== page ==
Sepsis is the body’s overwhelming and life-threatening response to infection that can lead to tissue damage, organ failure, and death. In other words, it’s the body’s over active and toxic response to an infection. The burden of sepsis is most likely highest in low and middle-income countries.

The World Health Organisation has estimated that;

  • Sepsis affects more than 30 million people worldwide every year, potentially leading to 6 million deaths.
  • Three million new-borns and 1.2 million children suffer from sepsis globally every year, and 3 out of every 10 deaths due to neonatal sepsis are thought to be caused by resistant pathogens.
  • One in ten deaths associated with pregnancy and childbirth is due to maternal sepsis with over 95% of deaths due to maternal sepsis occurring in low- and middle-income countries.
  • One million new-born deaths are associated with maternal infection, such as maternal sepsis, each year.


The obvious risk factor of sepsis is an infection. Any infection (bug bite, pneumonia, and meningitis etc) can trigger sepsis and can lead to severe sepsis and septic shock (where blood pressure drops to a dangerously low level).

Infants and aged people are at risk of developing sepsis as well as people with chronic or severe illnesses, such as diabetes, cancer and impaired immune system.


Various infections such as bacterial, viral or fungal can lead to sepsis, the most likely varieties include:

  1. Pneumonia
  2. Abdominal infection
  3. Kidney infection
  4. Bloodstream infection (bacteraemia)


Sepsis has no single symptom. Symptoms of sepsis can include a combination of any of the following:

  1. Shivering, fever or very cold feeling.
  2. Extreme pain or discomfort.
  3. Pale or discoloured skin.
  4. Confusion or disorientation
  5. Shortness of breath
  6. Increased heart rate
  7. Clammy or sweaty skin


  1. Good hygiene which includes regular hand washing and conscious effort to keep cuts clean until healed.
  2. Know the symptoms of sepsis as listed above and ensure your family gets educated on it.
  3. You can talk to your doctor about further steps to prevent infection and take all recommended vaccines.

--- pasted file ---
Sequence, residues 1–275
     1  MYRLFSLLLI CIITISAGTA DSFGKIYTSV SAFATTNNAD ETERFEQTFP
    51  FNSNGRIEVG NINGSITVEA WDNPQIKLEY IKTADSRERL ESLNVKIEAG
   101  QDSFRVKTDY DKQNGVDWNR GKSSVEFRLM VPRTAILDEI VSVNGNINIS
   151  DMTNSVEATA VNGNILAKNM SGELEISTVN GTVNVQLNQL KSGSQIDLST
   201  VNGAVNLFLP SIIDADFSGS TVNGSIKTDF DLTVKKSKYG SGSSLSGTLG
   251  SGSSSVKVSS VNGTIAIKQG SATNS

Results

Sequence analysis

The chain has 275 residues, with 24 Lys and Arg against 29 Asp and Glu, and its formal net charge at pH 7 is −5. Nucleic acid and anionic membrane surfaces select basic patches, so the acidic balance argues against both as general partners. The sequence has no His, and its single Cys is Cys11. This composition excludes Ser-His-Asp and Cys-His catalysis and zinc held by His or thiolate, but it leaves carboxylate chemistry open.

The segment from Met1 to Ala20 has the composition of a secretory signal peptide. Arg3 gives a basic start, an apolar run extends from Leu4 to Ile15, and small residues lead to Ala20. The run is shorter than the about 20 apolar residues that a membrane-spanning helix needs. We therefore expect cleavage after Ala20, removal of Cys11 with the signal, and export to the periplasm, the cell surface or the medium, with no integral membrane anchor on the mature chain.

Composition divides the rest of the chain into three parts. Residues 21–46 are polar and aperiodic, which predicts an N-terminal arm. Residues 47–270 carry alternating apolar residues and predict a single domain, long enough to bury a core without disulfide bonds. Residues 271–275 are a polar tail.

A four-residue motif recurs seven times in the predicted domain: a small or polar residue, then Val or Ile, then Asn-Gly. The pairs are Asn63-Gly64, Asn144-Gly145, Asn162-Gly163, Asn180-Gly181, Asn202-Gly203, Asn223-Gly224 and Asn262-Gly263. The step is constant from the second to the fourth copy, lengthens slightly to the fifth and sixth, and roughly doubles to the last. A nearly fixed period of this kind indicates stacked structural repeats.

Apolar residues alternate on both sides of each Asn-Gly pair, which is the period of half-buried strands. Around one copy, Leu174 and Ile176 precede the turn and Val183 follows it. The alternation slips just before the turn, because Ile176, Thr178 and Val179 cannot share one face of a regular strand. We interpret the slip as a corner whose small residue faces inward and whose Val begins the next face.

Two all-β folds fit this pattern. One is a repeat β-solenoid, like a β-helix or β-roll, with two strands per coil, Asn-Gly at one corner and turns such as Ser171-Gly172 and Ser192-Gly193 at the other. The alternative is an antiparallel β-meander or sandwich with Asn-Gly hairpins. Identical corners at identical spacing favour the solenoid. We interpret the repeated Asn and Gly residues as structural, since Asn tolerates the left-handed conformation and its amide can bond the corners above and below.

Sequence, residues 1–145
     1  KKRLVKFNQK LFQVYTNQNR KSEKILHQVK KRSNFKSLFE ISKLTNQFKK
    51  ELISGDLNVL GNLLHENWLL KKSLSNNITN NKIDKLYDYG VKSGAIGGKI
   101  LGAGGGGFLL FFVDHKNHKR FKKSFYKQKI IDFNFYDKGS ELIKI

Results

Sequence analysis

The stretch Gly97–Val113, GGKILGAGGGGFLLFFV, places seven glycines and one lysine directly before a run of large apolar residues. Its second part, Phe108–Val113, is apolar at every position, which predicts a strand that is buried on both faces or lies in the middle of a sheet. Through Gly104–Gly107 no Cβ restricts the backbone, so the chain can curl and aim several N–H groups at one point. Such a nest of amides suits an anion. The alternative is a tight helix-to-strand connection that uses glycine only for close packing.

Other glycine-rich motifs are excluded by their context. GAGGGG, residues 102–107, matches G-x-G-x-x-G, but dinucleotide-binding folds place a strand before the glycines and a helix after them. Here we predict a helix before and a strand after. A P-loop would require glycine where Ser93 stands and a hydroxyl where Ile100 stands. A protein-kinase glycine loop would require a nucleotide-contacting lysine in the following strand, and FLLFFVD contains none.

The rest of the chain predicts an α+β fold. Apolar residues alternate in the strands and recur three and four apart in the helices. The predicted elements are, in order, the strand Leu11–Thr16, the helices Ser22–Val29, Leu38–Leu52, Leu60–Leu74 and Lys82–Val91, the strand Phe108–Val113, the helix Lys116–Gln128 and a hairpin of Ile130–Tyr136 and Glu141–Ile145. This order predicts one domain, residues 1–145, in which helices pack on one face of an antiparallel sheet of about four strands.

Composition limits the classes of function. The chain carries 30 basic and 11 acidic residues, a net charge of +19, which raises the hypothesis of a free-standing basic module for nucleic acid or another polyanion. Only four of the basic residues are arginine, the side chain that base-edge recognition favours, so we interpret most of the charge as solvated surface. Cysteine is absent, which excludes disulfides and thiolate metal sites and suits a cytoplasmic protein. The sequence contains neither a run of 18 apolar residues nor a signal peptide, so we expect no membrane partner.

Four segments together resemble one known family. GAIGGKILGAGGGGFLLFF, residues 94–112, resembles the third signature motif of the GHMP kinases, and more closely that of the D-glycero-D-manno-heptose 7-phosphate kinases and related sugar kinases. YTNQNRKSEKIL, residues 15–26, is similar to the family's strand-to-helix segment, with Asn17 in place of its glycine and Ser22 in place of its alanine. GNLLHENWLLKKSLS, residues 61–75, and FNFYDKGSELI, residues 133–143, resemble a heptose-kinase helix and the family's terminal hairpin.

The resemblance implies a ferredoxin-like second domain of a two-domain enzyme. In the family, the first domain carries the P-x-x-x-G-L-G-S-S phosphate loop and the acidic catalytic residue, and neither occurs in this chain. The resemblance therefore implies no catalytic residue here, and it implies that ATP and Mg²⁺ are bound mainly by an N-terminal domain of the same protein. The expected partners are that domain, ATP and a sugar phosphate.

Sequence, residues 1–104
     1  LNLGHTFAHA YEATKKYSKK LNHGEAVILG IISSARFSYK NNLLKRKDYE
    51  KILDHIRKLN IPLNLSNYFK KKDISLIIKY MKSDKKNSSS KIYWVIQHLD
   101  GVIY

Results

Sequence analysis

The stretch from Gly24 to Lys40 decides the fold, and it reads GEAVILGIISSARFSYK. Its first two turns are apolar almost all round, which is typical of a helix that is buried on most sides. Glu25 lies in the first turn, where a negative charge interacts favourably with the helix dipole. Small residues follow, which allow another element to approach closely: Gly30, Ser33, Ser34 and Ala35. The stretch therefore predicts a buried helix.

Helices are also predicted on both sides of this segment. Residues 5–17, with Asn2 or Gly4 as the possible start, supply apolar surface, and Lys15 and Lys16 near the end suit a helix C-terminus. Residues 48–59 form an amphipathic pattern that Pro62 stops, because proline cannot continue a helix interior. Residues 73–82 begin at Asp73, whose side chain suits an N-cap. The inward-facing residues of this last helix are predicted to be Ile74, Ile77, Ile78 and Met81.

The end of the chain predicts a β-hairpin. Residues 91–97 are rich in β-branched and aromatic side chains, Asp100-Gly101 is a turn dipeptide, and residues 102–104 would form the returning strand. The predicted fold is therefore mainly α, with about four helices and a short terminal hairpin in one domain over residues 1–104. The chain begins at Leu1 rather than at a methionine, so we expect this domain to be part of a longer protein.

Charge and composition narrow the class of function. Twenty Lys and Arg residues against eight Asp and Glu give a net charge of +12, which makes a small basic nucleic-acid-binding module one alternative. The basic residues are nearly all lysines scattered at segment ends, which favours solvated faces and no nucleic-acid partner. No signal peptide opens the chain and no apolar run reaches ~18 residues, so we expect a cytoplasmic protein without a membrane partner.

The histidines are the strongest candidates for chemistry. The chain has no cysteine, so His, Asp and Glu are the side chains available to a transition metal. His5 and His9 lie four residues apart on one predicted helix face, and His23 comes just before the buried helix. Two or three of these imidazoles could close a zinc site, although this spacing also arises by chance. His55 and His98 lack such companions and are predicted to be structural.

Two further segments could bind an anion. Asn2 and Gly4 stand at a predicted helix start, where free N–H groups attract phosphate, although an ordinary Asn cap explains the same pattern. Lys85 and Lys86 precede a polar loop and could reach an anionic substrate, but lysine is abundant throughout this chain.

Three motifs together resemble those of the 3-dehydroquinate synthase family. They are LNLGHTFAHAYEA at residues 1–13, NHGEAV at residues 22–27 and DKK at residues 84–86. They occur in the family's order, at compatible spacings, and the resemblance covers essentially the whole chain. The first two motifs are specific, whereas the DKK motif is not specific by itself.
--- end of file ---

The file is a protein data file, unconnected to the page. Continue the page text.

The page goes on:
4. Seek for urgent medical care when an infection is not getting better.


Diagnosing sepsis can be difficult because its signs and symptoms can be caused by other disorders. Various laboratory analysis is done to pinpoint the underlying infection.

Laboratory analysis such as blood culture, urine culture, would swab culture, sputum culture, clotting time test, liver function test, and renal function test are often requested for by the doctor.


Prompt treatment of sepsis, usually with antibiotics and substantial amounts of intravenous fluids, improves chances for survival. However, the treatment for sepsis varies and this depends on the site and cause of the initial infection, the organs affected and the extent of any damage.

Treatment modalities will include:

  1. Antibiotics: If the sepsis is detected early enough, this may be a course of tablets you can finish taking at home as prescribed by your doctor. But if the sepsis is severe or have developed to septic shock, antibiotics will be given directly into your vein (intravenously). It is advisable for antibiotic treatment to be commenced within an hour of diagnosis to reduce the risk of serious complications or death.
  2. Oxygen: Your body’s oxygen demand goes up if you have sepsis. If you are admitted to hospital with sepsis and the level of oxygen in your blood is low, you’ll usually be given oxygen. This is either given through a mask or tubes in your nostrils.
  3. Source of infection: When a source of the infection can be identified, such as an infected wound, this will also need to be treated.
  4. Blood pressure: Medications called vasopressors are used if you have low blood pressure caused by sepsis. These are given intravenously to help increase blood pressure.
  5. Other treatment: You may also require additional treatments, such as blood transfusion, mechanical ventilation (where a machine is used to help you breathe) and dialysis (where a machine filters your blood to copy the function of your kidneys).


RELATED ARTICLE: What is Urinary Tract Infection? Is anyone really safe?

REFERENCES: WHO, Mayo clinic, CDC, and NHS UK.

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